Help deciphering some old handwriting?
May 3, 2011 1:53 PM   Subscribe

Deciphering old handwriting...please hope me.

This is my great-grandmother's birth certificate. Those arrows are pointing to her father's given name and her mother's maiden name and given name. For the life of me, I can't figure out what these names are. Can you?

What I think:
-My gggrandfather's name (on the left) might be Antonio, but there seems to be too many letters.

-My gggrandmother's surname seems to be Petulla'.

Any educated guesses or resource recommendations are most welcome!

(For reference, here's another birth certificate written in the same hand. I've been comparing the letters to this wiki entry at, but haven't found any close matches.)
posted by cowboy_sally to Writing & Language (13 answers total) 2 users marked this as a favorite
The first name is definitely Antonio. The swooping A appears to be next to a U, which is actually a bottomed-out N.
posted by mdonley at 1:57 PM on May 3, 2011

It sure looks like Antonius to me.
posted by fritley at 2:02 PM on May 3, 2011

posted by Jehan at 2:04 PM on May 3, 2011

I'm getting more of a "Ru" than an "An" from that first name.
posted by phunniemee at 2:05 PM on May 3, 2011

Best answer: Perhaps "Antonino e Petallá Jirolama".
posted by Jehan at 2:11 PM on May 3, 2011

Um. "Petullá". Sorry, mistype.
posted by Jehan at 2:13 PM on May 3, 2011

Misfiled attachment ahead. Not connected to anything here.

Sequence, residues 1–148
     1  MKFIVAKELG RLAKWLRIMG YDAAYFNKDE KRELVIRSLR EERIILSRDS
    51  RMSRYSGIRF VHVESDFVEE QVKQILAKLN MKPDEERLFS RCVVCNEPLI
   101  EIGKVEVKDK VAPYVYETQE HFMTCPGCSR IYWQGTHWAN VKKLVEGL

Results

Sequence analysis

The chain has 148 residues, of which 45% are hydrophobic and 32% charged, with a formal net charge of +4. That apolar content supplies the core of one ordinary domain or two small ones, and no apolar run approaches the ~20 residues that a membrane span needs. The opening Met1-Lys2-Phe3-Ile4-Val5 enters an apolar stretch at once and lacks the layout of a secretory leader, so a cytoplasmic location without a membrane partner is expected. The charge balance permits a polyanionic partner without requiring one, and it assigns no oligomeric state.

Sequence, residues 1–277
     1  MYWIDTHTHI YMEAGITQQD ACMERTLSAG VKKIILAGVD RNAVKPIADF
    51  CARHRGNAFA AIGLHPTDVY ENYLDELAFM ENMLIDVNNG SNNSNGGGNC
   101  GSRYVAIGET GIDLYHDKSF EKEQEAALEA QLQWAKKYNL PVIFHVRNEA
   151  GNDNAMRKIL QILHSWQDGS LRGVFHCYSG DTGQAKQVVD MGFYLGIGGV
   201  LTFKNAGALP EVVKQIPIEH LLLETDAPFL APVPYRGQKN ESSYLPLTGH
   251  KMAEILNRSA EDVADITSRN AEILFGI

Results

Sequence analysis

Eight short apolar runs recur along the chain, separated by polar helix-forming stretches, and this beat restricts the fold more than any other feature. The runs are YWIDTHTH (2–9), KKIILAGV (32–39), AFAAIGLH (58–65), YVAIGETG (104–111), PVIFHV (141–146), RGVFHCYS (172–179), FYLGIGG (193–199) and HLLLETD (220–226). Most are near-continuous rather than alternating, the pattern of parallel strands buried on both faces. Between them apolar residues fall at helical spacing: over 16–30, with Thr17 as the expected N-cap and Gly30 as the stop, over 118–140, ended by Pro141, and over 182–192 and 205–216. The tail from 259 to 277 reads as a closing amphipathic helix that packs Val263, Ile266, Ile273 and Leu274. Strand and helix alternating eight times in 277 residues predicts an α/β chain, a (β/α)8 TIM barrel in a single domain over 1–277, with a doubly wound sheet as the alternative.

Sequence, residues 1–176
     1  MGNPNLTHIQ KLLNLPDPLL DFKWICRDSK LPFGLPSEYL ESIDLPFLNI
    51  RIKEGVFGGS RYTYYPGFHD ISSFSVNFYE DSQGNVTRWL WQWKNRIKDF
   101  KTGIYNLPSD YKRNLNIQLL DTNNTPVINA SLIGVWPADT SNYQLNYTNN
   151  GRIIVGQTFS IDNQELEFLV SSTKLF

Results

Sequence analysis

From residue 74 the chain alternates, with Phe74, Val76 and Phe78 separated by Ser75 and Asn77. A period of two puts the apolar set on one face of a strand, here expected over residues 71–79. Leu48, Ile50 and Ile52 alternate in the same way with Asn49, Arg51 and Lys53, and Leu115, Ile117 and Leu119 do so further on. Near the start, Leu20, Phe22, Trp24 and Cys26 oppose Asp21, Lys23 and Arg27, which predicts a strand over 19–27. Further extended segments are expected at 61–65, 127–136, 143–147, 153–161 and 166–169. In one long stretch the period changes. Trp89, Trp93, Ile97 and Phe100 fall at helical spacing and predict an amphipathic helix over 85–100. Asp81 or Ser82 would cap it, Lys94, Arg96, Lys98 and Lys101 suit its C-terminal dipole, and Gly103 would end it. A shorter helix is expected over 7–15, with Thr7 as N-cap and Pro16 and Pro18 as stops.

Antonius e Petrella Jirolanio
posted by crepesofwrath at 2:27 PM on May 3, 2011

"Antonius e Petulla Girolama" is my guess.
posted by besonders at 2:37 PM on May 3, 2011

I went to an italian middle school and received instruction in current italian script handwriting.

This is a birth certificate for 'Cacciatore, Rosaria', who is the child of 'Cacciatore, Antonino' and 'Petullà, Girolama'

The surname comes first; the first name is listed second.

I did a little googling and the mother's names are unusual but definitely standard italian names.

It's definitely NOT a 'J' as that letter didn't exist in the alphabet.
posted by bq at 3:01 PM on May 3, 2011

bq is right. The certificate is in Italian, as are the names. It's definitely Antonino Cacciatore and Girolama. Girolama's last name is the only one I'm not sure of, but I'd go with bq's judgment on that.
posted by katemonster at 3:32 PM on May 3, 2011

Also, you can use this search engine to see common surnames in Calabria. I played with a few of the options and Petullà appears to be the most likely interpretation -- and is reasonably common in Polistena.
posted by katemonster at 3:37 PM on May 3, 2011

BYU has a good guide for identification of Italian script. Unfortunately this script does not seem to match the standard forms of A and seems hard to identify with given names.
posted by JJ86 at 7:21 AM on May 4, 2011

Response by poster: Thanks everyone for your answers -- and thank you katemonster and JJ86 for the helpful reference guides. I neglected to mention in my question that I already know the father's surname (it's not Cacciatore, but it totally looks like that on the certificate!). You have pretty much convinced me that it's Jirolama (on the site JJ86 recommended, the Js look very similar to the first letter of the mother's given name) or Girolama. So, many thanks!
posted by cowboy_sally at 7:38 AM on May 4, 2011

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